Opposition Welcomes Easing of Restrictions But Considers It Insufficient

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Source: Pixabay
Source: Pixabay

Social Democrat MP Arsen Bauk said that criteria for the introduction of epidemiological restrictions were not clear but that it was good that cafes would be allowed to sell coffee to go, noting ironically and in an allusion to Zagreb University Rector Damir Boras, “If one has to buy coffee in a bakery, it is logical for the rector to get vaccinated in a dental clinic.”

SDP MP: What is permissible for Jupiter may not be permissible for a bull

“It is not clear why betting shops and casinos are being opened while other catering establishments are not, but I guess the government thought that those who want to gamble can also gamble with their health,” said Bauk.

We think that the government lacks sufficient plans as to how to mitigate the financial consequences of the crisis and we once again call on it to impose a moratorium on debt enforcement, the SDP MP said.

He criticised a gathering held on Wednesday outside the Zagreb Cathedral, where more than 25 people, including the head of Zagreb’s hospital for infectious diseases, Alemka Markotić, attended a religious event.

“Despite restrictions on gatherings, the leading people of the national coronavirus crisis management team actively participate in such events. That message confuses citizens because ‘what is permissible for Jupiter may not be permissible for a bull’ and I’m not sure citizens would like to feel like bulls,” he said.

Bauk went on to say that the relaxation of restrictions is not “a reward for citizens” as stated by the prime minister but that rather the situation now is slightly better so one can afford to ease restrictions.

“It is not acceptable that when the situation is good, the government claims all the credit and when it is bad, then irresponsible citizens, who are called bioterrorists, are to blame,” said Bauk.

MP Bartulica: Explanation about rector’s vaccination tragicomic

Stephen Bartulica of the Homeland Movement wondered why bar and restaurant owners had not been allowed to sell coffee to go sooner but were being allowed to do so now, after public pressure had become too great.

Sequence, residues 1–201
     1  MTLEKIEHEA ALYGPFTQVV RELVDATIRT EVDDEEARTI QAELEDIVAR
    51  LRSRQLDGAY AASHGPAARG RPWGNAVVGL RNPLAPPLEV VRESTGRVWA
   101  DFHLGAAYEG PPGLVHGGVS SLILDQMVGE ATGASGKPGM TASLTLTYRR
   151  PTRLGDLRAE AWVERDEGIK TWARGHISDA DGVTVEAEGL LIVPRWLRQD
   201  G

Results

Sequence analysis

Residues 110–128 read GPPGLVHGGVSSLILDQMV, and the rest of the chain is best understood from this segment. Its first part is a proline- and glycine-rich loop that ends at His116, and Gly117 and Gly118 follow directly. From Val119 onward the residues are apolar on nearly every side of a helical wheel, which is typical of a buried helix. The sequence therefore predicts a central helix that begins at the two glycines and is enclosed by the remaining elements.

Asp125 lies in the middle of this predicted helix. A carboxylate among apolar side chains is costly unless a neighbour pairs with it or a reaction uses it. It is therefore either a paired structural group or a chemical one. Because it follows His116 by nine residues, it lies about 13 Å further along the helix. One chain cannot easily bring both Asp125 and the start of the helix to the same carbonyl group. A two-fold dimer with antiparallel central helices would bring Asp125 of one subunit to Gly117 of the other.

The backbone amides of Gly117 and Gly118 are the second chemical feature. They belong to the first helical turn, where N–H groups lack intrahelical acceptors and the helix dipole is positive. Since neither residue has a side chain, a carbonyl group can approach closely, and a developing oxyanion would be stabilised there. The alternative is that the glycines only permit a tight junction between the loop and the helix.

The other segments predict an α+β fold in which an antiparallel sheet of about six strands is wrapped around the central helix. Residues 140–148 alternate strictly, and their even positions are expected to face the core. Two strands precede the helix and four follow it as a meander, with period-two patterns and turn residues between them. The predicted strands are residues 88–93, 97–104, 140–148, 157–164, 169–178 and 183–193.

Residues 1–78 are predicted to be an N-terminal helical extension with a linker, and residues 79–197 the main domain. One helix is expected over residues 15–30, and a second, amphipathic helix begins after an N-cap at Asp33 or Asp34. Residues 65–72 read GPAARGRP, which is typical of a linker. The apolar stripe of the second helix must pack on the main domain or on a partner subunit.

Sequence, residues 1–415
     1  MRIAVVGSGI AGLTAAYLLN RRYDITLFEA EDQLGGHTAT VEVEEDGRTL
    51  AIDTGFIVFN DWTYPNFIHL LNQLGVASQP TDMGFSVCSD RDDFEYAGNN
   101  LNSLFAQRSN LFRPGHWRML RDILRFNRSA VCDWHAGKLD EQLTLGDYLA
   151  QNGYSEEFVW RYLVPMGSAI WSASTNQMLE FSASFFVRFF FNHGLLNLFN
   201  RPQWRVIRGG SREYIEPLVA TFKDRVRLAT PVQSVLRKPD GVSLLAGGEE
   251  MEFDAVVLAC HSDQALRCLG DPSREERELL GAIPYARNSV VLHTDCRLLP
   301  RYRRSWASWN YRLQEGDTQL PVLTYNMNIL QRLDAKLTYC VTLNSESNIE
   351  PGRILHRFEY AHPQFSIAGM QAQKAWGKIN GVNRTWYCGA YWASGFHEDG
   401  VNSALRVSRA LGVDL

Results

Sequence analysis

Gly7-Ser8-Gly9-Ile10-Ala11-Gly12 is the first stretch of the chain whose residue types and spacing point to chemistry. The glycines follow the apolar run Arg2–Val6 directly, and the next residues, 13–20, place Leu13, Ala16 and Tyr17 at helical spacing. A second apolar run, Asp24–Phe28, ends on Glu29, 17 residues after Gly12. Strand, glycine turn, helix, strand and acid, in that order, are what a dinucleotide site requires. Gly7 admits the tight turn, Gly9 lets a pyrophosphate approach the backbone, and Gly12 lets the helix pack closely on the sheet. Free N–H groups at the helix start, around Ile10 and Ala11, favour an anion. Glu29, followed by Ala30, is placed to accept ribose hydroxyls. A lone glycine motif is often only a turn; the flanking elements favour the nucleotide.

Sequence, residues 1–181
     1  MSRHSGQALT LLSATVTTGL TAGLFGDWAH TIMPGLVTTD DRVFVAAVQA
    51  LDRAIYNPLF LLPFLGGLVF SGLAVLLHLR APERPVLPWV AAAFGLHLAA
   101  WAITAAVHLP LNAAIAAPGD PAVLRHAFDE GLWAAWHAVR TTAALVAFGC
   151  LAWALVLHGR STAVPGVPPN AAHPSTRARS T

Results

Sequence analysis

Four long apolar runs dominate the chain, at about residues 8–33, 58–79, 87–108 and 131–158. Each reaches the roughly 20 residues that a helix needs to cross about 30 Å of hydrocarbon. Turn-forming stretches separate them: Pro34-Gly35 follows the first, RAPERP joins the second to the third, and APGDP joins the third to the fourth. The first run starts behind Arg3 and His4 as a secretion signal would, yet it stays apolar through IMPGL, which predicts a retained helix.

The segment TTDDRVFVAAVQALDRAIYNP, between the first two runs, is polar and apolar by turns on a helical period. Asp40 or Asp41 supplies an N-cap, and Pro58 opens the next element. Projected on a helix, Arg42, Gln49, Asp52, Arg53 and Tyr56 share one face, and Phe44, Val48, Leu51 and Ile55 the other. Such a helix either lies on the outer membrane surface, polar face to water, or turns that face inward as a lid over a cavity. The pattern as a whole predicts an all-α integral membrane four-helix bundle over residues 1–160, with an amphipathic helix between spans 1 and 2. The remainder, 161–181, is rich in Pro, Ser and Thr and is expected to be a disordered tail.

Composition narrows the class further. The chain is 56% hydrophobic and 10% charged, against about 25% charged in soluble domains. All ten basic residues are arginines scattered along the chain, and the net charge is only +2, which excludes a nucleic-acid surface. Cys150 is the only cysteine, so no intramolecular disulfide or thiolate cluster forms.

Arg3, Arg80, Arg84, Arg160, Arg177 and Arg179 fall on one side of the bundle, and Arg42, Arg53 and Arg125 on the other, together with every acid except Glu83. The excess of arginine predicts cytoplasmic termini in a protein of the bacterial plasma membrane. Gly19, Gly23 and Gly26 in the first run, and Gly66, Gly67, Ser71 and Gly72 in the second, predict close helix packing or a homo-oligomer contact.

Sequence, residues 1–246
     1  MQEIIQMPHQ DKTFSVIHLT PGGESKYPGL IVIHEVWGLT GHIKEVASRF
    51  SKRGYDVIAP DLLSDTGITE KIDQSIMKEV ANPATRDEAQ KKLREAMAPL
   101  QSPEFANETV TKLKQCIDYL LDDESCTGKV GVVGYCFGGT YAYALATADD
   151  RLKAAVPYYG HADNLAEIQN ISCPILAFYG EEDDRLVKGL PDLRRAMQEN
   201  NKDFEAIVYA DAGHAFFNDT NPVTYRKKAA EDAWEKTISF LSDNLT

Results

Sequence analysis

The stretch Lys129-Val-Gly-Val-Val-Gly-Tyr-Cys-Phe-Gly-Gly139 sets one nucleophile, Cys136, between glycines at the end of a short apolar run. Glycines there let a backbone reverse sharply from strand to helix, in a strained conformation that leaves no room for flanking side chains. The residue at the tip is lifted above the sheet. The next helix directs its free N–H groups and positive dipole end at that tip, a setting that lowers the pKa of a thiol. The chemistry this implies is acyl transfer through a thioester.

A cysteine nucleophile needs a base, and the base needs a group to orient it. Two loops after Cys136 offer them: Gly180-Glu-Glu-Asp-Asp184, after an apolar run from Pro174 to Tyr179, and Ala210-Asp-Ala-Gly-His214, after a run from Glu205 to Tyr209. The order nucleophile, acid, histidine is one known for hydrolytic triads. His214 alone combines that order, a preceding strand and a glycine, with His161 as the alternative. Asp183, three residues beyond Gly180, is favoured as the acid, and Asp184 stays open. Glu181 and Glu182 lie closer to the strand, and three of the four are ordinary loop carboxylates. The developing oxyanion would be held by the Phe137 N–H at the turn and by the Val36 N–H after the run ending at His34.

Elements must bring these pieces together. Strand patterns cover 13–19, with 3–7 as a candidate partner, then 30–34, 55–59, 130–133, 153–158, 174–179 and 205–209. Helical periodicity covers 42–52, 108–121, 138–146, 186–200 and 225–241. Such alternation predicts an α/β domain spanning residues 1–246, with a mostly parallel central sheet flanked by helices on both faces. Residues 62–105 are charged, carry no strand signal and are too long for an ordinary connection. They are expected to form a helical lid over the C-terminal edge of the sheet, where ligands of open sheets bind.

“We did not see clear indicators that lockdown yields results, as evidenced by the situation in many countries. This now is more like an improvisation, as if the government did not have a solution but was just copying what other countries are doing,” he said.

“If mass vaccination is the solution, one should say that the government has failed because it put too much trust in the European clan. We are witnessing delays, we can read about queues outside the Russian Embassy and about other countries already ordering the Russian vaccine. The question is what the Croatian government will do. There are too many ad hoc solutions and too much improvisation,” said Bartulica.

Commenting on Zagreb University Rector Damir Boras skipping the line to get vaccinated against COVID-19, Bartulica said the explanation of the case was tragicomic.

“Someone should answer for what happened at the KBC Zagreb hospital, it is no wonder that cynicism is currently very much widespread in Croatia,” said Bartulica.

He, too, resented what he described as the prime minister’s condescending style of communication.

Bridge MP Božo Petrov welcomed the relaxation of epidemiological restrictions but noted that it was too little and not fair as shopping malls were full of people while cafes and restaurants were being allowed to sell coffee to go, which accounts for 5% of their revenue.

“It is legitimate to ask the prime minister who has pressured him into allowing betting shops and casinos to open but not bars and restaurants,” said Petrov.

He, too, noted that people in charge of introducing restrictions were themselves not complying with them while calling on others to be responsible.

As for Boras, Petrov said that people who should serve as an example to others were unfortunately no examples.

He underlined that at-risk groups should be the first to get vaccinated.

MP Vilim Matula of the Green-Left Bloc supported the relaxation of restrictions but noted that it had been forced considering that previous restrictions were unfair and illogical.

“This was to be expected but I cannot understand why outdoor fairs are not allowed,” he said.

He added that caution was necessary so that a possible third wave of the epidemic could be as mild as possible, noting that fully opening bars and restaurants was not realistic.

“It is much more realistic to expect help for them so that they can hold on for a month, a month and a half, when they will be able to open terraces,” he said.

Marin Lerotić of the Istrian Democratic Party (IDS) welcomed the relaxation of restrictions, calling for a regional approach, and Marijana Puljak of Centre said reasonable measures had finally been introduced.

We ask the national coronavirus crisis management team to treat all citizens equally because we could see several hundred people at MP Miroslav Tuđman’s funeral despite the fact that the number of participants in such events is limited to 25, and we could also see masses at which epidemiological measures are violated yet no one has responded to that, said Puljak.


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